Braid Designs: Different Types That Make Stunning Styles

Basic Three Strand Braid

Going back several thousand years, men and women have worn various hair braid designs as a practical way of keeping the hair neat and in a comfortable style. Modern braids do not veer far from this concept. You can make a single braid from between two and eleven sections of hair, but the basic method is always the same. The following designs offer a great variety of style and challenge for braiding your hair.

Basic Three-Strand Braid Hair Styles

The basic three-strand braid is also referred to as the English-style braid. It is the easiest of the braids to do on your own hair. It is composed of three evenly divided sections of hair woven one over the other, starting at the side or back hairline to the ends of the hair.

Crown Braid

Crown hair braids, also known as a milkmaid braid, start the same way as the basic braid. The difference here is that this style has a braid on each side of the head behind the ears. To create the style, you must then arrange the hair braids over the top of the head in the style of a crown. Tuck the ends under the braids to hide them.

Crown Braid Design

French Braid

You can make the elegant French braid by taking small sections of strands of hair from the top or crown of the head. Gradually add more hair to each section in even amounts so that all the hair is integrated into the braid. Although the classic style is to wear one single braid, you can also make two or more French braids on the side, sometimes braiding the hair together into one if the hair is long and thick enough.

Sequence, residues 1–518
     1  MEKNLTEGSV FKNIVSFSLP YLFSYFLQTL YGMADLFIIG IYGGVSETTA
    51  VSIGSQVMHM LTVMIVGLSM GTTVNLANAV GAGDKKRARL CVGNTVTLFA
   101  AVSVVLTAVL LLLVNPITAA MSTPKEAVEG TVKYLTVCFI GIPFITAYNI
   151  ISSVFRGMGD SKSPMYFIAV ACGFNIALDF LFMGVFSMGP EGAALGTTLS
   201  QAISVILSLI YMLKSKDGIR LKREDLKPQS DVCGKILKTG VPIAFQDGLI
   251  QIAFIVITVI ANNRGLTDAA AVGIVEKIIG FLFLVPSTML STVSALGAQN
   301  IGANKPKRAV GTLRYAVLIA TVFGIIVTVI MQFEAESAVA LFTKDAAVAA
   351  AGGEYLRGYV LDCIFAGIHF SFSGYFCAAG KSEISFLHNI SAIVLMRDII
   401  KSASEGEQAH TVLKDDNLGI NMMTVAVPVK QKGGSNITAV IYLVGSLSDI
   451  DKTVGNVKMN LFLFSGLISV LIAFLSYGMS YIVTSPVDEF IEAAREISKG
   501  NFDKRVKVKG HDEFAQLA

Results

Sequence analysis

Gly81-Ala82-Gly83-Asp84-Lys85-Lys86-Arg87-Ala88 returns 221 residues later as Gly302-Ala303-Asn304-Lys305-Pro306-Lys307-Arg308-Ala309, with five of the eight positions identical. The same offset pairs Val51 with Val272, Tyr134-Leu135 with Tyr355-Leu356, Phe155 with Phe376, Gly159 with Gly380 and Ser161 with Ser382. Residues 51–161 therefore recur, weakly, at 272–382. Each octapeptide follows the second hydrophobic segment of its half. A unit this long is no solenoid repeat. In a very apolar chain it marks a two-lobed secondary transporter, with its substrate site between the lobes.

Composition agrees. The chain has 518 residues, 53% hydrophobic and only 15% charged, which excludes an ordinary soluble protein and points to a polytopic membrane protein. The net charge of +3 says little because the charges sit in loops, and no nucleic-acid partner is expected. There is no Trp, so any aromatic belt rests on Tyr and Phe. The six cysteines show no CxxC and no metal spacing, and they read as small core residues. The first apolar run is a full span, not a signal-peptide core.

French Braid Design

Mermaid Braid

The mermaid braid is similar to a French braid hair style. It uses the same braiding technique, but only half the hair is braided. The main difference is that with the mermaid braid, you add hair in small sections from the front hair line and cross over the hair to braid in the back; French braids arrange hair into the braid.

Mermaid Braid Design

Dutch Braid

Dutch braids are also called an inverted French braid. You make this hair braid by weaving the sections of hair under, rather than over, each other. This creates the look of a braid that sits on top of the hair rather than being hidden under the hair. Dutch braids are typically done in three- or five-strand variations, but you can also do them with more strands.

Dutch Braid Design

Lace Braid

Lace braids are similar to French braids as well. You can add them anywhere on the head, but it's most common to start from the front hair line. The difference between a lace braid and a French braid is that only one side is added to. This can be from the top of the braid or the bottom of the braid.

Waterfall Braid

Waterfall braids are similar to lace braids in appearance. You add strands of hair to the braid from the top and drop from the bottom side of the braid. You can do this braid on your own, but it will take practice to get used to the technique. Adding a braided bun like the example below adds a nice finish.

Waterfall Braid Design

Ladder Braid

A ladder braid is simply a waterfall braid on top and a lace braid under it; together, they form a ladder shape. It can add a beautiful accent above a ponytail or braided bun. This braid is better done by someone else than trying yourself, since it typically goes from one side across the back of the head.

Side Ladder Braid Design

Micro Braids and Variations